If you’ve ever listened to Boston sports talk radio (my car radio is perpetually tuned to one of the two stations) you know the passion New Englanders bring to what most consider fun and games.  And you know that shortly after the Red Sox won the World Series this October, the focus of hardcore fans had already turned to who was going to be catching and playing centerfield next season and how they should be obtained.


            Patriot fans feel like they are suffering through a “down year” as their injury-riddled team heads towards its fifth consecutive division title.  In my 41st year as a season ticket holder, I laugh as I listen to complaints about the team not signing enough stars or the way their coach conducts his press conferences.


            I sat on cold aluminum benches to watch this team for 30 years.  I went when you couldn’t give away game tickets.  I suffered through Dick McPherson, Ron Meyer and Rod Rust as head coaches.  I was there when the highlight of the game was a dog catching a Frisbee at halftime.


            So my advice is – smell the roses.  Pause and appreciate what we have been given.  This is something special, something unique, and it may never happen again in my lifetime or that of my children and grandchildren.  This is the pinnacle of being a professional sports fan.


Of course, I should take my own advice.  I’m as bad if not worse than most.  I can find a problem behind any silver lining when it comes to our local teams.  It is the result of watching Bucky Bleeping Dent’s homer, the ball go through Buckner’s legs, Grady Little leaving Pedro in, and Eli Manning twice outplaying Tom Brady in a Super Bowl.


But I’m trying to rehabilitate myself.  I’m turning over a new leaf.  I’m going to sit back and enjoy this tremendous sporting environment in which we live.  I’m going to relax.


What’s that?  The Sox signed AJ Pierrzsynski to catch?  Oh man, bad move.  They should have kept Salty.  There goes next season. 


I’m not sure this rehab thing is working.


Bill Gouveia is a local columnist and can be emailed at aninsidelook@aol.com and followed on Twitter at @Billinsidelook.

Monday, December 2, 2013

Raw Milk Under Seige in Foxboro

This column originally appeared in The Sun Chronicle on Monday, December 2, 2013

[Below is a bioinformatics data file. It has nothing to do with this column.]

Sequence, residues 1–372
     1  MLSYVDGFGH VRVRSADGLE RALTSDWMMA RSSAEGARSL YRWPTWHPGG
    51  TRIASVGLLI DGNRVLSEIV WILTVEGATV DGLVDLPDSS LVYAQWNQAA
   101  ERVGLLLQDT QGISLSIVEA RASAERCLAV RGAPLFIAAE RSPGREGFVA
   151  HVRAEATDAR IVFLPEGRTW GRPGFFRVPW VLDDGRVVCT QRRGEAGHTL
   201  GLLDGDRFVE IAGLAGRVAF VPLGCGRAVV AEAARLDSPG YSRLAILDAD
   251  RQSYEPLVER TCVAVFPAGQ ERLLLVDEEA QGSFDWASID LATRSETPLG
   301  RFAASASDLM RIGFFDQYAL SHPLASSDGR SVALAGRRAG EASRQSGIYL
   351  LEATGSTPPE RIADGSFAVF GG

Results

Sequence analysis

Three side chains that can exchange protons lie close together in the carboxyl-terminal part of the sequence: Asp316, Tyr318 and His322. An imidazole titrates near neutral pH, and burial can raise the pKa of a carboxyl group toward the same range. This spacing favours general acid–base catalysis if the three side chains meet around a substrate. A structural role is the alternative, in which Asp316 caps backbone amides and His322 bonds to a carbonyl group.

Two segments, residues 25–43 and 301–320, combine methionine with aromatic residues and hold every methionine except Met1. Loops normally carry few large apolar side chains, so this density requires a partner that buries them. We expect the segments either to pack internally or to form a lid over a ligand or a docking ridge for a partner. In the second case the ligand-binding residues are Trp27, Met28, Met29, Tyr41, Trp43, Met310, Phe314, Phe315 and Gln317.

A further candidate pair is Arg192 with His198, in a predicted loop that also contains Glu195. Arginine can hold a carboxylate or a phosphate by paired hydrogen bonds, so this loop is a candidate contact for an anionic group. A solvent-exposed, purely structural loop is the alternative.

By Bill Gouveia

            Got milk?  Was it from the farm or the super market?

            If the Foxboro Board of Health adopts regulations currently under consideration, raw milk might not be available any longer in Foxboro.  Lawton Farms, the one operating dairy farm in Foxboro and Norfolk County, says they already come under existing state rules and laws.  They claim the proposed extra layer of regulations would drive them out of business.

            While they have not yet publicly discussed or considered the controversial milk measures, the BOH has definitely gotten something they seem to have been seeking:  A lot of attention. 

Their recent public hearing on the proposal had to be indefinitely postponed last week when an overflow crowd showed up to participate.  When the meeting room capacity was exceeded, largely due to the presence of Lawton Farm supporters, officials had to cancel and plan for a larger meeting in the future.

No one seems to doubt supporters of the new regulations are motivated by an honest desire to protect the health of the public.  But there is a great deal of controversy over the health benefits and problems associated with raw milk, and it is unclear in the minds of many whether local regulation is the answer.

Raw milk advocates point out Massachusetts state regulations provide extensive protection already.  They question the need for an overlapping set of local rules.  Additionally, the proposed local regs would tremendously increase the reporting responsibilities of farm operators.  According to Terri Lawton, one of the farm’s owners, this in particular could force the farm to close.